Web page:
According to the flora of Kazakhstan [2] the studied plants belong to two different species —

P. flavescens (Zucc.) Juz. and P. patens (L.) Mill. However in European flora [1] the above-mentioned plants belong to one species — P. patens, but to different subspecies — Pulsatilla patens ssp. flavescens (Zucc.) with yellow to yellowish-white flowers and Pulsatilla patens ssp. patens with bluish-violet flowers. When comparing the essential oils of two species of Pulsatilla, one can see that the qualitative and quantitative compositions of the components do not have a considerable difference.

The results can be used in future investigations of P. flavescens and P. patens, to improve the new knowledge about these species.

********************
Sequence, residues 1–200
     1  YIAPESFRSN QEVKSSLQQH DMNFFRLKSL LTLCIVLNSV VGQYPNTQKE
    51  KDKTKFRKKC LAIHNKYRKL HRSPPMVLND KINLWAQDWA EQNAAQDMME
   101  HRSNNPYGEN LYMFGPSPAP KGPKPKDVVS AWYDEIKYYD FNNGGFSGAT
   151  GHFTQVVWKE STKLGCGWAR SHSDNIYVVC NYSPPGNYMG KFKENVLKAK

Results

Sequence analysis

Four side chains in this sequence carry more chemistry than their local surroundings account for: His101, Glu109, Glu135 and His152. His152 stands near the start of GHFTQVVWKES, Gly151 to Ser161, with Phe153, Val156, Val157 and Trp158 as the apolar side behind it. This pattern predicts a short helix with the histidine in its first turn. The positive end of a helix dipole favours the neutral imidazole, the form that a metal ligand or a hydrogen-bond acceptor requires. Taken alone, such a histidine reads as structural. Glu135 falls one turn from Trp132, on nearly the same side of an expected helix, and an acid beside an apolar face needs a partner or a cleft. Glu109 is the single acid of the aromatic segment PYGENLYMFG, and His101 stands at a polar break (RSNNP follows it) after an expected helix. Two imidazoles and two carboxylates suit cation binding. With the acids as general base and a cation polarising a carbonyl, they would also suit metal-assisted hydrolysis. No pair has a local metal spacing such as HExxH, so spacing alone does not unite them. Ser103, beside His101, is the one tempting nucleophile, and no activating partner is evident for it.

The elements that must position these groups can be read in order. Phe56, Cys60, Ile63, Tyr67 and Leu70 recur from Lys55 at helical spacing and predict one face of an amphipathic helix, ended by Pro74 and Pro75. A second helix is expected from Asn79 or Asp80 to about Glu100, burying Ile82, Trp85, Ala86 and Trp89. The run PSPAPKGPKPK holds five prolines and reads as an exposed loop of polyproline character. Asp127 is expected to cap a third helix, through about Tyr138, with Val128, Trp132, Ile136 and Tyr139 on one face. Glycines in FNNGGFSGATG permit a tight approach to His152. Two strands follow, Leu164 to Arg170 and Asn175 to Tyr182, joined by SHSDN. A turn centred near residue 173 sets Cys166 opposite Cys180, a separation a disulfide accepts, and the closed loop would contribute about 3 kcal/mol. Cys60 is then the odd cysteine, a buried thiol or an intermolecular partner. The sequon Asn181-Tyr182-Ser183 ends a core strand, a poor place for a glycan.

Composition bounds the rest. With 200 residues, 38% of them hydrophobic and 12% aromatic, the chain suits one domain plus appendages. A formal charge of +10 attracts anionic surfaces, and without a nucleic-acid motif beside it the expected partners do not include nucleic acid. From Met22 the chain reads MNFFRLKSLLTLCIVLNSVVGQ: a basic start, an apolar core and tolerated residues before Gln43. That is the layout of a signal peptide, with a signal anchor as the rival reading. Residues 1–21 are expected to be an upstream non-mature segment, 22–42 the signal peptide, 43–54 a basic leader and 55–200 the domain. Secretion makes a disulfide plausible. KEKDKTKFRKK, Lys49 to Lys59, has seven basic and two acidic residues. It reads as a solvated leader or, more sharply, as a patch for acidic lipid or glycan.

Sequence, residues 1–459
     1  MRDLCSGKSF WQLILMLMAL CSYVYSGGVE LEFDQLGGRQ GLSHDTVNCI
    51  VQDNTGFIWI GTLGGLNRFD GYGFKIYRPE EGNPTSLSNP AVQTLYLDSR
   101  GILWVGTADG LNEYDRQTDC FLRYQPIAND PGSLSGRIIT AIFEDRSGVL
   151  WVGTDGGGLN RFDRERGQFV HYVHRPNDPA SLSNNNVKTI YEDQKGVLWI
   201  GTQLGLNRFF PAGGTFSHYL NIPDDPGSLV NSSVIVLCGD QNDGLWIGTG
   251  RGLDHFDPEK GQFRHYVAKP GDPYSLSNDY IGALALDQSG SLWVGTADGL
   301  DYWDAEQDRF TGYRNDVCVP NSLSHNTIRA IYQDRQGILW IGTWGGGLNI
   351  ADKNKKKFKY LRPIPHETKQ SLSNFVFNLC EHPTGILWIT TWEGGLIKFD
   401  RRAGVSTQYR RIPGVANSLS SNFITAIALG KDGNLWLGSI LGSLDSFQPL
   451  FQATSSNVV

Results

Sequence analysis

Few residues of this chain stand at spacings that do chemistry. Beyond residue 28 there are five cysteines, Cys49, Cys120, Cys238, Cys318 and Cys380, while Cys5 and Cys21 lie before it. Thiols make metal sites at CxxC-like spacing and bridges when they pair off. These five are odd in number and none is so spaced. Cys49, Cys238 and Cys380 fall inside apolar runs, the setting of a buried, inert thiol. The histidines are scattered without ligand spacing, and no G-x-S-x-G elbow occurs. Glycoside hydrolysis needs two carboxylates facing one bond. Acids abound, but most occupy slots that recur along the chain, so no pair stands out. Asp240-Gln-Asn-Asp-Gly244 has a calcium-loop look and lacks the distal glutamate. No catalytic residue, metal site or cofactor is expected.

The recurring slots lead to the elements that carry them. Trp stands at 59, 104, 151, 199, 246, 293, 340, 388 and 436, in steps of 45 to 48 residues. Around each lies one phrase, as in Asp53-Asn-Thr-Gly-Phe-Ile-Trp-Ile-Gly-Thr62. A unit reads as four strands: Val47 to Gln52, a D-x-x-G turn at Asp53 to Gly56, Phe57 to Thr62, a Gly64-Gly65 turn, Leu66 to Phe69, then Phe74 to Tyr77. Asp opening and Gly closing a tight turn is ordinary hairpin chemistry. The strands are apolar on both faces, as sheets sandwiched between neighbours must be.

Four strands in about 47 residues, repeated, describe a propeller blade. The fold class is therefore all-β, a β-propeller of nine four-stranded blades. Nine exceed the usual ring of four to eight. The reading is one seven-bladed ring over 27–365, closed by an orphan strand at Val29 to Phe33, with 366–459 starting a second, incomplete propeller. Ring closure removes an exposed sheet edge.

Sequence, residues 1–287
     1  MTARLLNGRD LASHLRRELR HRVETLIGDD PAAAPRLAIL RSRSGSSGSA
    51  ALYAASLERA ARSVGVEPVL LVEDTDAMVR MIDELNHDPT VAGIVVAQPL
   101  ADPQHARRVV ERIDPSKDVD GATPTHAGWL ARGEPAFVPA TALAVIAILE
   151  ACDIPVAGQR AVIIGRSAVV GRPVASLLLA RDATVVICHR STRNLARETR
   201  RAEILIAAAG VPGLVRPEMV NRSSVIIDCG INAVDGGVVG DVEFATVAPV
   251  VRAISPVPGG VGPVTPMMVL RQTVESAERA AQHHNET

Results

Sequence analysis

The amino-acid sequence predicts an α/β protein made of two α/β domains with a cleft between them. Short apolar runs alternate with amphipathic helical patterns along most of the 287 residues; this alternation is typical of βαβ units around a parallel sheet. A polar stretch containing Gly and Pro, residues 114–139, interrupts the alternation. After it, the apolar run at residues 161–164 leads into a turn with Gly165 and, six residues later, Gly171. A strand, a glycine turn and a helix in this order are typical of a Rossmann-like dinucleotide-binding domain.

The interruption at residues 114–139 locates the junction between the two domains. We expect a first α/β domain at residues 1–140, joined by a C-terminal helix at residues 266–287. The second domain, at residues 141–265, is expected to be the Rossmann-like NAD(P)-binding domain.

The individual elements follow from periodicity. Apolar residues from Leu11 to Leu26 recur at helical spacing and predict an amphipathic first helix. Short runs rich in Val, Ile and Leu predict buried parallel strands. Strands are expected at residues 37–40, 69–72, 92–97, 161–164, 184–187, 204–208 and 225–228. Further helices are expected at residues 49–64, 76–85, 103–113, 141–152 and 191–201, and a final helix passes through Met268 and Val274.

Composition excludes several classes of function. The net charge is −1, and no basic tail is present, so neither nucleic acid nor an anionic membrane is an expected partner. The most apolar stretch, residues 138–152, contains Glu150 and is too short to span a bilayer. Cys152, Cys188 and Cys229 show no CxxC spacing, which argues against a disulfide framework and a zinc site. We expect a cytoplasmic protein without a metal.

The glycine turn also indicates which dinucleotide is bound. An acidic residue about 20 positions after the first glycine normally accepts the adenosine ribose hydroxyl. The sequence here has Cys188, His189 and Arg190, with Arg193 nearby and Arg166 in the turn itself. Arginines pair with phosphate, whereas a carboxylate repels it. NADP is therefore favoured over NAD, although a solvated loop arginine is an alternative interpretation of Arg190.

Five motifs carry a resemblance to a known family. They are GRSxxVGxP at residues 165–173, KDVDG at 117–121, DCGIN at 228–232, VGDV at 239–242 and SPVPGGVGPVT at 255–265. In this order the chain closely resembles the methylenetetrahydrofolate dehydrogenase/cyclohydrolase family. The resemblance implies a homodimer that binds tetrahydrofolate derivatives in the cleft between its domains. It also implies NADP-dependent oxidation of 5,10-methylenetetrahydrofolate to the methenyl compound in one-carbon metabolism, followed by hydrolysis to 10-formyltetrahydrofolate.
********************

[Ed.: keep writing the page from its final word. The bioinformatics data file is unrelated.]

Acknowledgements

The authors are grateful to Prof. A.N. Kupriyanov («Kuzbass Botanical Garden» of Institute of Human Ecology of Siberian Branch of Russian Academy of Science, Kemerovo, Russia) and Dr. A.A. Ivashchenko (Ile-Alatau State National Natural Park, Almaty, Kazakhstan) for the identification of the plant material. The authors are grateful to the Committee of Forestry and Wildlife of the Ministry of Agriculture of Republic of Kazakhstan for financial support.

 

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Year: 2018
City: Karaganda
Category: Biology